History of Eindhoven
Eindhoven ranks as the fifth city in size in the Netherlands. With its round about 225,000 inhabitants it comes immediately after Amsterdam, Rotterdam, The Hague and Utrecht. Eindhoven is the main hub of technology and industry in the south of the country, and its importance for the national and European economy is today recognized through the title ‘brainport’. The city also offers its citizens a wide range of shopping facilities, culture, entertainment, sports and leisure.
Modern Eindhoven started out as a small medieval town surrounded by a number of rural communities. In the nineteenth century the construction of canals and railroads brought it into connection with the wider world, and industries like textiles and cigar manufacturing were established. However, the great boost towards becoming the hive of economic activity and technological development it is today came in 1891. It was then that Gerard Philips, pioneer and entrepreneur in the new technology of electric lighting, decided to set up his business at Eindhoven.
The successful expansion of the Philips company attracted many new inhabitants to Eindhoven, varying from manual labourers to management and scientific personnel. Other major industries, like the DAF automotive company, also chose Eindhoven as the location for their main facilities. In just under a century, the number of inhabitants rose from a mere five thousand to today’s still rising number.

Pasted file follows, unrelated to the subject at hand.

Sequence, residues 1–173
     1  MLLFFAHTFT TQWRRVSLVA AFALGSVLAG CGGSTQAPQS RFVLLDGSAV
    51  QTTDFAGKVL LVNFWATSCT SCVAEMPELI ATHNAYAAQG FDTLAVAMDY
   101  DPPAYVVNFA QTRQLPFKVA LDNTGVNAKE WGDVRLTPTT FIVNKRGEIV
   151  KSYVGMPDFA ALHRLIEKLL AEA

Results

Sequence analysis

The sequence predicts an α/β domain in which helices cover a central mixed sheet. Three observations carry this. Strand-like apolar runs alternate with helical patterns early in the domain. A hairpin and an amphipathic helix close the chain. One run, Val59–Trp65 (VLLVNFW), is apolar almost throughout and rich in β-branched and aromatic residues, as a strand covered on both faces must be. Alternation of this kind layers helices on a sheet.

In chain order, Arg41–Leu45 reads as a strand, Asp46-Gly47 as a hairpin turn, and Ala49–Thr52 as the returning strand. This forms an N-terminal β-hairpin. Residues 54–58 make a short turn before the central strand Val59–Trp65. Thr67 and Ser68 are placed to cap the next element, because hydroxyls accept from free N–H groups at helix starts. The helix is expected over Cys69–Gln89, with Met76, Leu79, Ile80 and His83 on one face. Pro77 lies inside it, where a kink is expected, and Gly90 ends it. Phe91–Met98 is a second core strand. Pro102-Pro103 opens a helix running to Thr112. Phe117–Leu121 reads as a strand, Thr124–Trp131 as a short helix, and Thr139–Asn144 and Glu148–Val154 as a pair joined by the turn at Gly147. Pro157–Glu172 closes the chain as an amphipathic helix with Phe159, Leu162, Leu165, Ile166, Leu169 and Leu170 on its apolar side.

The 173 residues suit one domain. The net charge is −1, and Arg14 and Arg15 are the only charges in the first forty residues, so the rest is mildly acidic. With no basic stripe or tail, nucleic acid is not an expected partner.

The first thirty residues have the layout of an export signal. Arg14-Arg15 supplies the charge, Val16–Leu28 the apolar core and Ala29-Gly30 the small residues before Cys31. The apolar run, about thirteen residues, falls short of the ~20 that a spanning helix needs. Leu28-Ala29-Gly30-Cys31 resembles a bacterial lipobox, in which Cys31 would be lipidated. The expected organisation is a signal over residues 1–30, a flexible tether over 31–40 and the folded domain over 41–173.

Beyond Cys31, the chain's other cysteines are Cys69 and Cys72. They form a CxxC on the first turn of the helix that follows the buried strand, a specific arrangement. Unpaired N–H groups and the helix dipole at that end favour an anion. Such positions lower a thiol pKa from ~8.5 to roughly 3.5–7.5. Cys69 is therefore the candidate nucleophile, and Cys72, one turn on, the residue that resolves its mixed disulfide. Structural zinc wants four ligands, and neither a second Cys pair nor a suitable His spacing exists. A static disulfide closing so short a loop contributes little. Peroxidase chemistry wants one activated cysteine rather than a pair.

However, in the course of time Eindhoven also encountered setbacks. During the Great Depression of the nineteen thirties the Philips company had to lay off a considerable portion of its workforce. During World War Two, when the Netherlands was occupied by Hitler’s Germany, industrial firms were forced to deliver products to the enemy forces. The output of Philips was so significant that the British carried out several air raids against the factories. In September 1944, when Allied armies finally liberated Eindhoven from Nazi occupation, a German aerial bombardment caused further severe damage and loss of life.
As war ended in 1945, the Netherlands and also Eindhoven faced a daunting task of reconstruction. Also, the independence of the country’s former overseas colonies meant that the national economy would have to be based on new economic activities. The build-up of new industries would require large numbers of young people to be trained as scientists. One measure the government took to cater for this need was the establishment of a second university of technology, in addition to the existing institution at Delft.
After a selection process that took several years, it was decided that the new university was to be located at Eindhoven. The establishment of TU/e in 1956 further augmented the importance of Eindhoven, now not only as a leading industrial center, but also as a city of science and higher education. This was a major contribution to the further growth of the city and to the increasing diversity of its citizens. It was a decisive factor in the development of Eindhoven into the modern thriving city we know today.